David Vise and Ray Batvinis

Inside Media: Robert Hanssen, the Spy Within

October 05, 2008

Guests: David Vise and Ray Batvinis

One of the most damaging spies in American history was successful in part because of technological inertia at the FBI and in part because of the reluctance of some to even consider that an FBI agent would stoop to espionage.

The spy, Robert Hanssen, was motivated not by money or ideology, but by ego, according to Pulitzer Prize-winning author David Vise and retired FBI agent Ray Batvinis.

Hanssen, serving a life term since his conviction in 2001, spied because he thought "the FBI didn't appreciate his brilliance, his ability and his skills — and that he didn't get the promotions he thought he deserved," said Vise, a former Washington Post reporter and author of "The Bureau and the Mole," an account of the Hanssen case.

Meanwhile, the Soviets were stroking Hanssen's ego and telling him how smart he was, Vise said. By spying, Hanssen "was showing that he was smarter than [the FBI]."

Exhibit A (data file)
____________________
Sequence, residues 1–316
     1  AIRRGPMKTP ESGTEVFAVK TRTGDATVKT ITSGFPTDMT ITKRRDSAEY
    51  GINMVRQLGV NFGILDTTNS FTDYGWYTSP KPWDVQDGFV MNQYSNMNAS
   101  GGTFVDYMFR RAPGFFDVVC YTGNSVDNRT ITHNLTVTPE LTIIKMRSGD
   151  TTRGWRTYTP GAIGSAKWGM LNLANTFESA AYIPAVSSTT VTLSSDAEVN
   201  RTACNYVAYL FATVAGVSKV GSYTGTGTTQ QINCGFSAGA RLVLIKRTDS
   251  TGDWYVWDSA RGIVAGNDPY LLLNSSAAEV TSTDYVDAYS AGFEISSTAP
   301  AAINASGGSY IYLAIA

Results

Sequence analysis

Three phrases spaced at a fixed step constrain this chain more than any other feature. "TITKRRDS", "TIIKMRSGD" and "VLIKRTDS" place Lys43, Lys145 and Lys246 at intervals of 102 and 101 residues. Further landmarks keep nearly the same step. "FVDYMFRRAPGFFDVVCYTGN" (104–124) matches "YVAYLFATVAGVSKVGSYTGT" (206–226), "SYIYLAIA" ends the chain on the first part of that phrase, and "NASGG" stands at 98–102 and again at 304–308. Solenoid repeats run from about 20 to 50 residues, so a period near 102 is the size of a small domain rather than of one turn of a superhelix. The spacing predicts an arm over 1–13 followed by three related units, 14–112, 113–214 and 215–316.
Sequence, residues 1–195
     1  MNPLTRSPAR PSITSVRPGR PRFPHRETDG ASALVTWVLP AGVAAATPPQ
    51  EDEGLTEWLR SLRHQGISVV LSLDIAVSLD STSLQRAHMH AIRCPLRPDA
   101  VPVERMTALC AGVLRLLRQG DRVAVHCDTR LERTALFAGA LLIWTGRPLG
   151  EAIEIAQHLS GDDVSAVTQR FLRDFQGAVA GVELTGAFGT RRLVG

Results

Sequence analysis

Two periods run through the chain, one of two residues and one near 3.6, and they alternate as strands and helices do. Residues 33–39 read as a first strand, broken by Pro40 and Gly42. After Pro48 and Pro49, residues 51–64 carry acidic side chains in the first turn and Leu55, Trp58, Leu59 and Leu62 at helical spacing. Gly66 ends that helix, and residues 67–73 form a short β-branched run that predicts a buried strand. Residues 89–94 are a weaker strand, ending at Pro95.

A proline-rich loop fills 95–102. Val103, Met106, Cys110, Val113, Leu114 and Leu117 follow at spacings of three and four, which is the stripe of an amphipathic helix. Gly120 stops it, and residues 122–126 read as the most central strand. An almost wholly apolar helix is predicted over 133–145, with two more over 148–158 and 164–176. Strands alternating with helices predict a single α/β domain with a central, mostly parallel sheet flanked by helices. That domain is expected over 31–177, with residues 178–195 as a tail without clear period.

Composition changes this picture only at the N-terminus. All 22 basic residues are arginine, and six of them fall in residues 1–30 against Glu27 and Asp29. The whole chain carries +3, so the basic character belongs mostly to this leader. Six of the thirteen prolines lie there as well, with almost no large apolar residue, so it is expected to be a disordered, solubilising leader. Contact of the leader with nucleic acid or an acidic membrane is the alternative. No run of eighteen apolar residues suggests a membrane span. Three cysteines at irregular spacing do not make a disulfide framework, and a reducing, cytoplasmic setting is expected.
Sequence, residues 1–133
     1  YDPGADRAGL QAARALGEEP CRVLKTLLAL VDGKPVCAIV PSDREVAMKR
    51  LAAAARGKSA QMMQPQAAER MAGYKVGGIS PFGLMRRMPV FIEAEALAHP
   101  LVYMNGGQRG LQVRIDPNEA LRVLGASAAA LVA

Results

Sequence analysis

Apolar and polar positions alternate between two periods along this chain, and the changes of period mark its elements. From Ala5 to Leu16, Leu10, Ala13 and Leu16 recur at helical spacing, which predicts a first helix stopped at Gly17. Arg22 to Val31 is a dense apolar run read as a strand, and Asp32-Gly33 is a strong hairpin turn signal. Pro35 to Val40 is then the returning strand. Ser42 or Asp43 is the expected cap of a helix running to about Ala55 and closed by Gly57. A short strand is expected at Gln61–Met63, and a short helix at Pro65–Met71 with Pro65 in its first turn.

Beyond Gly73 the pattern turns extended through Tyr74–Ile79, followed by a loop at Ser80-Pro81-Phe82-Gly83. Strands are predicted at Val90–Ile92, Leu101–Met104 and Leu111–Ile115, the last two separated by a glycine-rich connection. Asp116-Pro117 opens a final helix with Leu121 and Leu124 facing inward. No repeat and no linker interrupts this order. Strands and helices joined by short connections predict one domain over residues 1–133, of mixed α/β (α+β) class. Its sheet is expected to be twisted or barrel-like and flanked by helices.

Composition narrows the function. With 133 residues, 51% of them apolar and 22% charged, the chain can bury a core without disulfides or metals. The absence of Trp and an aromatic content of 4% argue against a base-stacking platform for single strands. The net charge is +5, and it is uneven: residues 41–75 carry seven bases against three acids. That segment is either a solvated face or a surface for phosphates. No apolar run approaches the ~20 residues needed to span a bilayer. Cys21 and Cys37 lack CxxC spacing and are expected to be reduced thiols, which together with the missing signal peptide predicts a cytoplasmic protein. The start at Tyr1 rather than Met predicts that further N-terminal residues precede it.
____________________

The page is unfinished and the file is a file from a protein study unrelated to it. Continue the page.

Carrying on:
The bureau, for its part, unwittingly abetted Hanssen in two key respects. For one, said Batvinis, a counterintelligence expert, a fundamental weakness in the FBI at the time was its failure to use the polygraph (lie-detector) as a tool for personnel security matters.

"He spent his entire career at the FBI without ever taking a polygraph," Batvinis said, even though he had top security clearances and computer access to highly classified data.

Vise and Batvinis agreed that the bureau was too slow to adapt to new computer technology in the 1990s. They said Hanssen understood that and exploited the absence of needed security in the FBI's computers.

Batvinis said that while Hanssen was regarded as odd — fellow agents referred to him as "Dr. Death" because of his dark suits and aloof manner — "no one would have conceived that he would be an espionage agent."

When Hanssen was unmasked, Vise said, fellow agents "were stunned — stunned — to discover that someone in the FBI brotherhood had committed treason."

"Inside Media," produced by the Newseum, is open to the public. Seating is on a space-available basis.

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